In Venezuela Government seizes medicines sent for charity

The cargo contains 75,000 packets of medicine as well as food supplements, the customs department said.

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People queue to buy basic food and household items outside a supermarket in Caracas, on September 28, 2016 play

People queue to buy basic food and household items outside a supermarket in Caracas, on September 28, 2016

(AFP/File)
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Venezuelan customs officers confiscated a shipment of medicine that a charity said Thursday was a donation for poor citizens suffering shortages in the country's economic crisis.

Authorities said the cargo was an unauthorized import. The Catholic charity Caritas said it was a donation from Chile and claimed authorities had not responded to requests for permission to distribute it.

The cargo contains 75,000 packets of medicine as well as food supplements, the customs department said.

"The merchandise arrived without a permit. It does not fulfill the requirements to be distributed in this country," the department said on Twitter.

Caritas Venezuela president Janeth Marquez said the medicine arrived in the country in August.

Customs said that since the right papers had still not been filed, the cargo had been declared abandoned and the medicine handed over to the national social security service.

Opposition deputy Jose Manuel Olivares in congress on Thursday accused the government of "stealing" the medicine.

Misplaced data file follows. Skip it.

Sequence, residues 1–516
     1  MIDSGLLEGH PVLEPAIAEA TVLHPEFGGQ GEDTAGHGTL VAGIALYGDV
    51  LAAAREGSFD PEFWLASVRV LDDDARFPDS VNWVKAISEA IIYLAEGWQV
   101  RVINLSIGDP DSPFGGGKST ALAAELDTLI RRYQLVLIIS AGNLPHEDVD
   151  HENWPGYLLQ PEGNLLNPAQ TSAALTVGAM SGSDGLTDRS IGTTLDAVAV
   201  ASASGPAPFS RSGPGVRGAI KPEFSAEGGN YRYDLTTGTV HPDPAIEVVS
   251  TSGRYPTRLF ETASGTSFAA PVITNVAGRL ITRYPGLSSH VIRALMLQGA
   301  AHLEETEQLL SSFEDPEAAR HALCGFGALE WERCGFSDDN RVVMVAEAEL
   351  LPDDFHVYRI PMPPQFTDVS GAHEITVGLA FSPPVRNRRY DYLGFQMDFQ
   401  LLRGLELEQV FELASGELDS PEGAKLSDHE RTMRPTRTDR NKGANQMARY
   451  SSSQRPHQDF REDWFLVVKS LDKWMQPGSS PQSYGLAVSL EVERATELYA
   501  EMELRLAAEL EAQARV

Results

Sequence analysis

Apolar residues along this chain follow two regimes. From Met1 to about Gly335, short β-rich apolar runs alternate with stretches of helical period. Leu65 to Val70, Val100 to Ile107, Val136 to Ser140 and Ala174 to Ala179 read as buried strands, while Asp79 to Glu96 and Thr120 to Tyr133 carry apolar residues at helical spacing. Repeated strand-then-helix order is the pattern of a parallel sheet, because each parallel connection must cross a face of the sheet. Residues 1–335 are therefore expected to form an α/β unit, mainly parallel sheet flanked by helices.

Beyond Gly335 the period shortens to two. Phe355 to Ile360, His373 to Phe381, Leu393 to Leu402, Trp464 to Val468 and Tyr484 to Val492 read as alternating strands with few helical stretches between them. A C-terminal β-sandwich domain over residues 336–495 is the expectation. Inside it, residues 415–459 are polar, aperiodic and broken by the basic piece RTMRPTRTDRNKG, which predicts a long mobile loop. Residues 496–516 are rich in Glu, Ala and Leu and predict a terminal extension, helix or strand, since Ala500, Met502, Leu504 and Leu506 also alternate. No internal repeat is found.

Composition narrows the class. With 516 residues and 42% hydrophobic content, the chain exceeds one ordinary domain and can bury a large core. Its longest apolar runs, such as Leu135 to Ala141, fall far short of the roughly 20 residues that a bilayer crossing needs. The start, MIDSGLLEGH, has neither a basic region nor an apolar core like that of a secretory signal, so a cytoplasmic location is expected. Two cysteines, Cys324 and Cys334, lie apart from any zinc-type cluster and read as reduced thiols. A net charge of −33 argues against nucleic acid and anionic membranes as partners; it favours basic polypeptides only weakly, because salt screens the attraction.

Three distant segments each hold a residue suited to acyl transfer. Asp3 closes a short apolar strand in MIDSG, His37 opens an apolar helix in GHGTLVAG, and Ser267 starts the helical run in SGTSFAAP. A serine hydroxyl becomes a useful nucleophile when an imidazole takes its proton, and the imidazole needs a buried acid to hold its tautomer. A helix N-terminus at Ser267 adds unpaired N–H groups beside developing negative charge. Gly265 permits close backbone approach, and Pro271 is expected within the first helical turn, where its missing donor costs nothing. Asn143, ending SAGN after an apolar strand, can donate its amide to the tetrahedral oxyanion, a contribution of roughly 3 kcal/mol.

Marquez said her organization had contacted the health ministry to request a permit to distribute the medicine but had received no response.

"We are very upset," she told AFP on Thursday. "We hope the medicine will be given to those who most need it. That is what our Chilean friends wanted."

International NGO Human Rights Watch has described the situation in Venezuela as a "humanitarian crisis."

Economic turmoil has been aggravated over the past two years by the fall in prices for the country's crucial oil exports.

Shortages of food and basic supplies have sparked riots and looting.

The Pharmaceutical Federation says 85 percent of medicines are running short.

President Nicolas Maduro is resisting the opposition's efforts to remove him from power. His socialist government and the center right opposition have been holding fractious crisis talks.

"We want the arrival of food and medicine to be a priority at the talks," said Marquez.

"We have been promised more donations, but we are waiting to receive a permit."

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